Endoscope May Have Transmitted Tuberculosis

September 30, 1997

A contaminated endoscope that may have transmitted tuberculosis (TB) between two hospital patients has highlighted the need for scrupulous adherence to endoscope cleaning procedures and the value of maintaining TB DNA fingerprint registries.

The discovery was made when researchers from the Johns Hopkins School of Public Health, the School of Medicine, and the Maryland State Department of Health and Mental Hygiene found identical DNA "fingerprints" in bacterial cultures isolated from two TB patients. Since the TB cases were detected six months apart, a link between the two people was unsuspected until DNA fingerprinting revealed a perfect match. The only identifiable link between the two patients was the hospital where they both had been bronchoscoped. A study of how the discovery was made appeared in the October 1, 1997 issue of The Journal of the American Medical Association (JAMA).

Senior author William Bishai, MD, PhD, assistant professor, Molecular Microbiology and Immunology, Johns Hopkins School of Public Health said, "Without a DNA fingerprint registry of all TB samples, such as we had in this instance, we would have been unable to confirm a connection between these two cases. Registries can help identify unsuspected modes of TB transmission." DNA fingerprint registries also help estimate the relative frequency of first-time TB infections, distinguish reinfections from relapses, and

An examination of the two patients' records at the hospital in question showed that both patients had been bronchoscoped with the same instrument in the same room. No other bronchoscopies were done between the two patients. The procedures used by the hospital to clean, disinfect, and sterilize bronchoscopes did not conform to national guidelines. Researchers with the study also inspected the locations where TB patients were treated, checked the ventilation and air-filtering systems, and observed the cleansing, disinfection, and sterilization of bronchoscopes. "We made a thorough examination of every possible avenue of contamination before turning to the equipment," said lead author Theresa Michele, MD, fellow, Division of Pulmonary and Critical Care Medicine, Johns Hopkins School of Medicine.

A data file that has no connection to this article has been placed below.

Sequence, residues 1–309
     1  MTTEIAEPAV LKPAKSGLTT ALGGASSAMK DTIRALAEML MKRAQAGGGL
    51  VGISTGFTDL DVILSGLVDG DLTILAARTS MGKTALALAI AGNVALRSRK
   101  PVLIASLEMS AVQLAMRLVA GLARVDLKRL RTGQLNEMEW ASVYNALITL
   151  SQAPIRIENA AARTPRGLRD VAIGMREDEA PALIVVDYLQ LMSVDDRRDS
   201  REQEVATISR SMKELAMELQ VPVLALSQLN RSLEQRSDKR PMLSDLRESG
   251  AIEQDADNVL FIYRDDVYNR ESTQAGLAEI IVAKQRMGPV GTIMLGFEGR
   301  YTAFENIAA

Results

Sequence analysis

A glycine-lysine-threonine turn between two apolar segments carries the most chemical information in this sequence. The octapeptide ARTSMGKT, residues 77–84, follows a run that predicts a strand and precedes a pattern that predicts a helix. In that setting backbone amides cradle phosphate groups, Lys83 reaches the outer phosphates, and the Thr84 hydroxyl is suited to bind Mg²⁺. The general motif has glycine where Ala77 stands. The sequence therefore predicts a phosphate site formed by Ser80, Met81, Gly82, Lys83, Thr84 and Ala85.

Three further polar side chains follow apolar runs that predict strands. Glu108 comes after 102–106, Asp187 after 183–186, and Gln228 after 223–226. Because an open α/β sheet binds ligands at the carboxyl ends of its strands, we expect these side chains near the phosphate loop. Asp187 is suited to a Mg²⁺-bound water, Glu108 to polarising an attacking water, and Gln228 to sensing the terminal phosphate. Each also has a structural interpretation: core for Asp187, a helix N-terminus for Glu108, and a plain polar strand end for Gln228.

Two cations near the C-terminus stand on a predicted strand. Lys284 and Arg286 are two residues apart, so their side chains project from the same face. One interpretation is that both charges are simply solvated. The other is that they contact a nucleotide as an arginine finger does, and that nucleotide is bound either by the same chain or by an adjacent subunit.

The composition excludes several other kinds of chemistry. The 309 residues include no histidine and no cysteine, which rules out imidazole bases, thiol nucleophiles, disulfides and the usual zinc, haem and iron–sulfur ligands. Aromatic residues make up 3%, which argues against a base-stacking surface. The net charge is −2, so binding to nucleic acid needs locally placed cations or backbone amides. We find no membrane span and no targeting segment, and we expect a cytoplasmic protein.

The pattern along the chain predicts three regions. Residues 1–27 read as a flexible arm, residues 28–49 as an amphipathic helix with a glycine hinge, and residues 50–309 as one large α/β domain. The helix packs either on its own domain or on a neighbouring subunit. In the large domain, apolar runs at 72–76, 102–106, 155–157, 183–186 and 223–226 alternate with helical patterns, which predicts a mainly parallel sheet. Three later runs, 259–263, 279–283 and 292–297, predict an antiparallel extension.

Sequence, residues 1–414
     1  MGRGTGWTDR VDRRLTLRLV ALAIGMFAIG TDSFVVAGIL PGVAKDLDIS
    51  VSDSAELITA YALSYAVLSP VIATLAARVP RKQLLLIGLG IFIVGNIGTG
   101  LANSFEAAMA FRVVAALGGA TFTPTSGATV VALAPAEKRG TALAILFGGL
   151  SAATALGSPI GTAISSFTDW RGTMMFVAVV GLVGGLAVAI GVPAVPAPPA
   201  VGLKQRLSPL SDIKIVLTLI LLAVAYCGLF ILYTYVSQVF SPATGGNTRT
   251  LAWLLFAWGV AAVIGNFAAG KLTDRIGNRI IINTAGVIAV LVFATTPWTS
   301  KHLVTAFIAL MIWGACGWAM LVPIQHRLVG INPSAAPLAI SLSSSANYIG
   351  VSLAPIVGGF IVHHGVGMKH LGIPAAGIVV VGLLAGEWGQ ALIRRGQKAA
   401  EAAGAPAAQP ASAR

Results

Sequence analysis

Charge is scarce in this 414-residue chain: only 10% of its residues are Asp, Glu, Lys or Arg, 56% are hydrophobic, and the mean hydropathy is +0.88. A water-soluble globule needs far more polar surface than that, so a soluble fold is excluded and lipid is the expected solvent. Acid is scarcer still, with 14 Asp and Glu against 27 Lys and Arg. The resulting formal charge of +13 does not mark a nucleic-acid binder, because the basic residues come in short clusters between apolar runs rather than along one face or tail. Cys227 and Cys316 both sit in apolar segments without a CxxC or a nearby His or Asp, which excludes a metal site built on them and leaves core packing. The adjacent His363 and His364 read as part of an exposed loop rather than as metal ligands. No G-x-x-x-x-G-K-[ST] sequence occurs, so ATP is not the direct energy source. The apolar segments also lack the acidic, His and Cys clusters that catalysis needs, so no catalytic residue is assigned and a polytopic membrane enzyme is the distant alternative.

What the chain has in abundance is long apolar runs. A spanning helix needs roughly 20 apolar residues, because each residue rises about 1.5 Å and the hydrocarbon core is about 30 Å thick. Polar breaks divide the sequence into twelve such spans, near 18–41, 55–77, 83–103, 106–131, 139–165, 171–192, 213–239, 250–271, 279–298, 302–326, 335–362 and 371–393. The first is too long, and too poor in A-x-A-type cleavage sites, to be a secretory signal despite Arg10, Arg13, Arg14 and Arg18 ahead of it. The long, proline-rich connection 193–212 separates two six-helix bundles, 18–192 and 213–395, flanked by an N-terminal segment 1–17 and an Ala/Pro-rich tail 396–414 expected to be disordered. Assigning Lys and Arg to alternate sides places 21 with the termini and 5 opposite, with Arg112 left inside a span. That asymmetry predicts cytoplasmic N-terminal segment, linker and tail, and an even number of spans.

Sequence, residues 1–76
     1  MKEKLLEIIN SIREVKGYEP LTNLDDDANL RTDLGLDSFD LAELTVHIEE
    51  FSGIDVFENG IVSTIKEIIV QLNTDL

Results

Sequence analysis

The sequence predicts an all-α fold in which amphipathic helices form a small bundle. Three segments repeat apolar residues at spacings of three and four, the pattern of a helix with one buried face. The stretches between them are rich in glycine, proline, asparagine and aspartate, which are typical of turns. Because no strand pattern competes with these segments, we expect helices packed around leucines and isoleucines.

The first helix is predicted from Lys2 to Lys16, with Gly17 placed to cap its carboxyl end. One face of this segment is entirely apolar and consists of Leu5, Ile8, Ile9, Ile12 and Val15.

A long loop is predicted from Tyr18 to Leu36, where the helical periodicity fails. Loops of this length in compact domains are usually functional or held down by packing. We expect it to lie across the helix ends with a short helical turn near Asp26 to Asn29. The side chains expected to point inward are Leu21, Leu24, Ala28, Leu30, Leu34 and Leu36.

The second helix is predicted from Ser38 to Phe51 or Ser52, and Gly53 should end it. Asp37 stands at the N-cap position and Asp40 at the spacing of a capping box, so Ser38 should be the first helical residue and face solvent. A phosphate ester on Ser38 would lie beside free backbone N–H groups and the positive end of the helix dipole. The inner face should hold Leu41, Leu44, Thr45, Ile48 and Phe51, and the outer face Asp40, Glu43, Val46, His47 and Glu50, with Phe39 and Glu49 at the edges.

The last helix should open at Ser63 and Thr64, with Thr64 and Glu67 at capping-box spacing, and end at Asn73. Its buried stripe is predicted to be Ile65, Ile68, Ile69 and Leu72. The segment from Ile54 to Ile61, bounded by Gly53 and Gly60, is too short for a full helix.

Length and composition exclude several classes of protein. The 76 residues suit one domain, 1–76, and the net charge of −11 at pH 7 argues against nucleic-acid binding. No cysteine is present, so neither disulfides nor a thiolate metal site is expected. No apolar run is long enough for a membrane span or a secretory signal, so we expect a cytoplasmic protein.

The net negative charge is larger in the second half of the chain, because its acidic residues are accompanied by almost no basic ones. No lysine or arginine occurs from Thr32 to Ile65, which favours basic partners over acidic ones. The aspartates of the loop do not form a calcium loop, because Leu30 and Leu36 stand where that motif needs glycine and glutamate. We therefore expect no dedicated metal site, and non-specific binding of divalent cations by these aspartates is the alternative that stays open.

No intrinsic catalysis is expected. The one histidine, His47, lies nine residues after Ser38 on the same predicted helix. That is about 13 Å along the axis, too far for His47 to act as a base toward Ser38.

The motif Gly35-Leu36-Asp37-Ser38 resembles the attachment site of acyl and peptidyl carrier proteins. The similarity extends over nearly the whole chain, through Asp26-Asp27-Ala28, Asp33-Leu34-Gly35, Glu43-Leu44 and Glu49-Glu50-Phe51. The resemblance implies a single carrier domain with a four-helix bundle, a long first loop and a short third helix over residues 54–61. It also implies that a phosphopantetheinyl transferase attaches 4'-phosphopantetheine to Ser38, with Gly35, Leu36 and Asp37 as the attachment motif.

The Association of Practitioners in Infections Control (APIC) recommends that endoscopes be processed between uses by thorough and immediate cleansing with enzymatic cleaner, followed by complete immersion for 45 minutes at 25 degrees centigrade for eradication of bacteria; this is supported by the Food and Drug Administration (FDA). Chlorhexidine gluconate solutions have been shown to inadequately kill the bacterium responsible for TB. The endoscope's suction valve and tubing is particularly difficult to clean. Many centers now use disposable suction tubing and all removable parts and accessories that can withstand heat are steam-sterilized.

This study was supported in part by grants from the National Institute of Allergy and Infectious Diseases (NIAID), the National Institute on Drug Abuse (NIDA); and the Centers for Disease Control and Prevention (CDC).


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Johns Hopkins Medicine

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